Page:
Mark has always loved butterflies. Alas it was his misfortune to be born in a country with remarkably few butterflies so he has had to focus all his efforts on the only obliging candidate, the monarch. When we travel overseas, he likes to be armed with guides to both local birds and butterflies but at home the yellow admiral and the coppers are largely unknown in our area and the cabbage white does not qualify. The red admiral, which is here, is not as much fun because its main host is stinging nettle. New Zealand has an abundance of different moths, many of which are extremely beautifully marked, but you have to be of a nocturnal disposition for these. This brings us back to the monarch which is large, spectacular and can claim indigenous status because it was self introduced (like the wax-eye), arriving here under its own steam, apparently around 1840.
I admit that I fear his dedication to supporting an exponential increase in numbers of monarch butterflies wintering over may be nearing obsessive levels. Even I was a little surprised at the extent of his swan plant plantations. As magnolia crops have been harvested from our open ground area, he has gone in to the cultivated ground with his little seed sower and trundled up and down the rows dispensing swan plant seed. Strung end to end, we are talking several kilometres of swan plants – probably closer to five kilometres than two. What is more, he is successional sowing in the same way he does with the sweet corn and beans. All this is aimed at ensuring that we have plenty of food to take the monarch caterpillars through to late autumn. That way, they are far more likely to winter over here and there are few close up sights of natural beauty as magical as looking up into a tree on a fine winter’s morning and seeing the monarchs waking and stretching in the sunshine.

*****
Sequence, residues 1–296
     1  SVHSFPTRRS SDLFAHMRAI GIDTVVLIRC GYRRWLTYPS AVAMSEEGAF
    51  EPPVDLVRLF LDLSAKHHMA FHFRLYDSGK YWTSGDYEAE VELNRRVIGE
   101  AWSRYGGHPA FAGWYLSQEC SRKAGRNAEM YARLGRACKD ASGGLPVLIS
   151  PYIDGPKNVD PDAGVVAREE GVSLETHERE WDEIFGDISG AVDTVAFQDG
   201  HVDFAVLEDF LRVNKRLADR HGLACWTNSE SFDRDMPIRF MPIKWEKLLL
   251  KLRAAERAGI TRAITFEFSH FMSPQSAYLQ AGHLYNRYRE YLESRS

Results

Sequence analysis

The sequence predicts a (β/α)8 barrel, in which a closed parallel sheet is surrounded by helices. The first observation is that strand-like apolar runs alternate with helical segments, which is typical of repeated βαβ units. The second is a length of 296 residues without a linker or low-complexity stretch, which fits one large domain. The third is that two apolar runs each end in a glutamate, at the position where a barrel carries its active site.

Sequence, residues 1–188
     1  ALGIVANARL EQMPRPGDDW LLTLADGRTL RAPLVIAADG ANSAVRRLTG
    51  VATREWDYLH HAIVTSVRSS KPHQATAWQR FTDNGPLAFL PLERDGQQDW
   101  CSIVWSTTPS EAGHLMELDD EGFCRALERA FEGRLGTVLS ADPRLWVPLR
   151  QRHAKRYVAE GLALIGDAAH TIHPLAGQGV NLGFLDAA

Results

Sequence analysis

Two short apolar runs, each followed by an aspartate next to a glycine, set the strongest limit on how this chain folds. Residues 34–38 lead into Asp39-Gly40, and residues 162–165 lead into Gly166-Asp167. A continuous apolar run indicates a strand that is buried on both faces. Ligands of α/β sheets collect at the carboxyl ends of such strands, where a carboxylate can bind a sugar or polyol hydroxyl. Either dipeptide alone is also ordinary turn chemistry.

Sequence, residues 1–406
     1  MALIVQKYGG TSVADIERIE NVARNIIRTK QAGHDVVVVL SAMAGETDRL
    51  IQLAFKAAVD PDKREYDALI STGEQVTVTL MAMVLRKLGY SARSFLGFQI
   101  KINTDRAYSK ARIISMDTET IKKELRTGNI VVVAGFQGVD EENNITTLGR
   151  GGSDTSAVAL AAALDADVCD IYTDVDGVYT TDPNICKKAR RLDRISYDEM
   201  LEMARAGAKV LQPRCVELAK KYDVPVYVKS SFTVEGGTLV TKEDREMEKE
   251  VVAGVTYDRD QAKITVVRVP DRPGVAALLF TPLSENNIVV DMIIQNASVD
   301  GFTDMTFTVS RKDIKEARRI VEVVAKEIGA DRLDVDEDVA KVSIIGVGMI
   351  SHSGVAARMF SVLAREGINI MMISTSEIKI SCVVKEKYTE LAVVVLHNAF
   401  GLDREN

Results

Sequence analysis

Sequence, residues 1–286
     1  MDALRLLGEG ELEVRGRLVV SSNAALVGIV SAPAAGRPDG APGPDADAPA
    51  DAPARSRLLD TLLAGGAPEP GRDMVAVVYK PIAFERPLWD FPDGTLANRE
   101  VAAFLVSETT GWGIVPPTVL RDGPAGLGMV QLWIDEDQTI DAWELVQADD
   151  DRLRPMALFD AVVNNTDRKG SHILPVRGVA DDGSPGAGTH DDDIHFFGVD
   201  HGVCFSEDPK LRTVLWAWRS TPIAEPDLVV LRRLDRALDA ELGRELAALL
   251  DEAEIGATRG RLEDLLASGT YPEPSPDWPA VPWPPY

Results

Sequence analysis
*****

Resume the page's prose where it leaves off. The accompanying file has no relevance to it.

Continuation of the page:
The drive to have successional crops may strike a chord with many readers who will be struggling now with a surfeit of caterpillars and a dearth of food. There is something both brave and poignant about watching an exodus of monarch caterpillars heading down from a completely stripped swan plant and wriggling off into the wide unknown in search of another. I suspect Mark suffered some emotional traumas in years past, coping with food shortages. One autumn he raised many caterpillars on slices of pumpkin and he finds it hard to cull babies to preserve dwindling food supplies for the more advanced specimens who are likely to reach maturity and chrysalis in time to metamorphose.
Merely sowing swan plant seed is not enough, however. Definitely not. Crops require management. For starters, you want to try and get at least one plant through to its second season so you can gather your own seed. It germinates readily if sown fresh. We have always known the swan plant as an asclepias, Asclepias fruticosa in fact but it has apparently been renamed Gomphocarpus fruticosus which is altogether too difficult for us to remember even with our experience in horticulture. Sometimes it is referred to as milkweed (it exudes a milky sap) but the term swan plant is commonly understood. The seed pod is like a green bubble swan and when it bursts, the fine seeds come out attached to silky white filaments – maybe they resemble white swan feathers? The filaments help the seed to be dispersed by the wind.